You keep coming back to Pascal, and I in turn can’t help turning to Church Fathers and their thought that a will to do well and submit to God can be like a stairway: at first you do good things from fear, then from hope of being rewarded and so on, and the final stage is the doing good for the virtue of love – that’s what we climb that stairway for. So, this is how we grow.
Yes, of course, we grow day by day. Or we fall, again, day by day. Doing good deeds from love for the good is the supreme motivation. It is the ultimate measure of the human. I see that for some unwise social reasons lots of developed societies tend to avoid judging anybody or anything, because without judging it’s easier to reconcile people. But that’s not right. We should judge – both ourselves and other people’s deeds. Judging people is not for us. What we may judge is their deeds – they can be beautiful or ugly. Beautiful are those done for the sake of the good, beauty and truth. If it’s done for the hope of being rewarded, it’s good, anyway, but not that sublime, of course. Such deeds are rated a bit lower.
I know, you are an admirer of Augustine and Plato, so, for you, beauty equals good, and that’s where I totally agree with you. And I know, the concepts of taste and kitsch (as the contrast for taste, lack of it) are of extreme significance for you. I remember you said once that kitsch in art is art without mystery. But in one of your interviews I heard you speak about such thing as sacro-kitsch.
Yes, unfortunately, it really exists.
We can see much of it in architecture. But let’s take, for instance, a temple, that is difficult to pray in. You complained, there are a lot of modern temples of this kind in Italy, if I’m not mistaken.
There are a lot of them in Poland as well.
So, is it something we should tolerate?
Well, you know, I wish I had enough money to destroy those temples and build them anew. But, unfortunately, I don’t. If an architect builds something without living through it, that is nothing but a catchpenny job. I’ve just came back from Barcelona. I visited Sagrada Familia by Gaudi once again. He was an architect and a theologian at the same time. His temple is still being built and I think it will take another 50 years, probably even more, to complete it. It’s an enormous work. You may like his tastes or not, but his deep faith found its way in his constructions and people could see and feel it. Of course, it is a subject for disputes, but it proves the point that if an artist, especially a talented one, lives through his piece of work, that is definitely high art, not kitsch. If a work repeats something, that has already been known, there’s no discovery in it. I see a lot of this in modern architecture and religious painting. In this regard, serials where the storyline goes towards the ending where the characters are rewarded for their good deeds, are even worse. It’s so nice to see such happy endings, but it’s nonsense, because it’s not true. That can drive somebody to despair, because he or she might feel deceived if not given a reward. So, that’s why presenting life this way is no good.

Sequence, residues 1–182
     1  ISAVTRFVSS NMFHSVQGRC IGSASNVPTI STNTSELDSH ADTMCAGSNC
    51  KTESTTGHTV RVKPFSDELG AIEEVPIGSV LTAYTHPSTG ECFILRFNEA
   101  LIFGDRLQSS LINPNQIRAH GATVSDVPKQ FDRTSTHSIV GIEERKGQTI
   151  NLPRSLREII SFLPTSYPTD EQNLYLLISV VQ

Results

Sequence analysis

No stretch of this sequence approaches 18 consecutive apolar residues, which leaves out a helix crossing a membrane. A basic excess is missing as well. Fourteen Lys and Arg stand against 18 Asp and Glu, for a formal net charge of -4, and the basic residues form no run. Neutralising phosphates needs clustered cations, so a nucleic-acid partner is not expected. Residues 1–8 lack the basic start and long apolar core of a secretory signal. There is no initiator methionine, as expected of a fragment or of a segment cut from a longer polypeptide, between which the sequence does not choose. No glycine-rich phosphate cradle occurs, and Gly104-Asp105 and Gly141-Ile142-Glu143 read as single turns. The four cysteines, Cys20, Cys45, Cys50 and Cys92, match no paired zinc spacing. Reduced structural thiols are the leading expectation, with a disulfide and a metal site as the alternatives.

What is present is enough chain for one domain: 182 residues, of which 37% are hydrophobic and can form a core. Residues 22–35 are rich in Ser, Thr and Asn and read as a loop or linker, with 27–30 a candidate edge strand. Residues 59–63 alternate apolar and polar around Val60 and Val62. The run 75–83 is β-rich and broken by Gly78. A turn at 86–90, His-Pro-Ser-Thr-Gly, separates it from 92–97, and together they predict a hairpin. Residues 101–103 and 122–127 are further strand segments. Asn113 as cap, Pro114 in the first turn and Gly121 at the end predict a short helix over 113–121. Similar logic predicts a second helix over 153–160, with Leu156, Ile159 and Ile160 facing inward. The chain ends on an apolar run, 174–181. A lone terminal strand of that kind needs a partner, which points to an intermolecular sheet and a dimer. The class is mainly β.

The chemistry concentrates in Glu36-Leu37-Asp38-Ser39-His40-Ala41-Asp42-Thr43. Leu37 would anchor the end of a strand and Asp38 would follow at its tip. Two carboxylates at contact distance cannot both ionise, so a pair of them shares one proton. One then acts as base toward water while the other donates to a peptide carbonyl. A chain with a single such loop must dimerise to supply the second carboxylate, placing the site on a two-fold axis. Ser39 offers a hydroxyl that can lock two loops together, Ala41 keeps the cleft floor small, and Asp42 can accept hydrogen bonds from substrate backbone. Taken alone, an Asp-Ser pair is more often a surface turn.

I heard an interesting opinion, by Pavel Lungin, Russian movie director, as far as I can remember. He said that the cinema is dead, so all the sense is now concentrated in series, not feature films. I didn’t expect that. Maybe it was only about Russian cinematography.
I agree that the role of TV series has grown, but it depends on what kind of series we are talking about. There are mini-series that are like a book split into several parts…
Exactly. And there are endless ones, which defy the idea of Greek tragedy. In life, as well as in any conflict there’s a certain order: beginning, development, culmination and ending. It’s very much like the circle of the Sun – it rises and eventually sets and that’s it. This is how our culture sees it. In China or India, for example, the approach to life and to telling about life is different. Unfortunately, there are a lot of stupid serials nowadays. Pardon my expression, but let’s call it straight. Such serials kill any sense. We don’t see any development in their plot – somebody is born, somebody dies, and so the story goes on. Therefore, I think, such serials reduce spirituality in the human dramatically. People watch them and see life that was cut into small meaningless pieces – like from a meatgrinder. There’s no turning point or catharsis, which is sure to be in a Greek drama. In life we should look for such game changers, after which everything seems to go on, but something changes, anyway. That’s what long serial kill. With mini-serials, that have become popular recently, it’s different. There are a lot of good and interesting ones. However, I haven’t seen any, that would be comparable to the masterpieces by Tarkovsky, Fellini or Antonioni.
Oh, thank you!